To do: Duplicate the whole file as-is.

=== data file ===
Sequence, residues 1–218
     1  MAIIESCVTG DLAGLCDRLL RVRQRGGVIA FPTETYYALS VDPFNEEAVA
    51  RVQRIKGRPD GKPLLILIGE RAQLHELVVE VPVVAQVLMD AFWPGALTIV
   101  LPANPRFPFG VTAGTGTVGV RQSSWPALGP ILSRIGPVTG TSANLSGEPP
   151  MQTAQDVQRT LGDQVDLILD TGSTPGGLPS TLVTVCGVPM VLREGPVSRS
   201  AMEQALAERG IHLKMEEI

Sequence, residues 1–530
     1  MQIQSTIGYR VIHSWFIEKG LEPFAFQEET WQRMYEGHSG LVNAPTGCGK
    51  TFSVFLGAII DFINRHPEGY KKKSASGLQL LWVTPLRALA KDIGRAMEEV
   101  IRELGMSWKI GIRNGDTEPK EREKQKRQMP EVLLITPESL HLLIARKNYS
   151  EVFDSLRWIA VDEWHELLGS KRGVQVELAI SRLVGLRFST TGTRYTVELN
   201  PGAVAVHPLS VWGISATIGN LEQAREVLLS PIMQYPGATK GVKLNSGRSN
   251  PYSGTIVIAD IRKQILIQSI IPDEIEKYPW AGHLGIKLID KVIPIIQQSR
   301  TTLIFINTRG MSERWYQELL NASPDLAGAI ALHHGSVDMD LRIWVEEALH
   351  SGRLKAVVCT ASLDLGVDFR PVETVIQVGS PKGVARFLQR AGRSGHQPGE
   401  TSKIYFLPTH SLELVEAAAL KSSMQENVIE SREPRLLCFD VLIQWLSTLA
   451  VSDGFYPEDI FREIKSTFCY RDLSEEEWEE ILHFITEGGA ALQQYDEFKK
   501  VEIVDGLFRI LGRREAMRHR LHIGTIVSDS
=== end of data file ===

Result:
Sequence, residues 1–218
     1  MAIIESCVTG DLAGLCDRLL RVRQRGGVIA FPTETYYALS VDPFNEEAVA
    51  RVQRIKGRPD GKPLLILIGE RAQLHELVVE VPVVAQVLMD AFWPGALTIV
   101  LPANPRFPFG VTAGTGTVGV RQSSWPALGP ILSRIGPVTG TSANLSGEPP
   151  MQTAQDVQRT LGDQVDLILD TGSTPGGLPS TLVTVCGVPM VLREGPVSRS
   201  AMEQALAERG IHLKMEEI

Sequence, residues 1–530
     1  MQIQSTIGYR VIHSWFIEKG LEPFAFQEET WQRMYEGHSG LVNAPTGCGK
    51  TFSVFLGAII DFINRHPEGY KKKSASGLQL LWVTPLRALA KDIGRAMEEV
   101  IRELGMSWKI GIRNGDTEPK EREKQKRQMP EVLLITPESL HLLIARKNYS
   151  EVFDSLRWIA VDEWHELLGS KRGVQVELAI SRLVGLRFST TGTRYTVELN
   201  PGAVAVHPLS VWGISATIGN LEQAREVLLS PIMQYPGATK GVKLNSGRSN
   251  PYSGTIVIAD IRKQILIQSI IPDEIEKYPW AGHLGIKLID KVIPIIQQSR
   301  TTLIFINTRG MSERWYQELL NASPDLAGAI ALHHGSVDMD LRIWVEEALH
   351  SGRLKAVVCT ASLDLGVDFR PVETVIQVGS PKGVARFLQR AGRSGHQPGE
   401  TSKIYFLPTH SLELVEAAAL KSSMQENVIE SREPRLLCFD VLIQWLSTLA
   451  VSDGFYPEDI FREIKSTFCY RDLSEEEWEE ILHFITEGGA ALQQYDEFKK
   501  VEIVDGLFRI LGRREAMRHR LHIGTIVSDS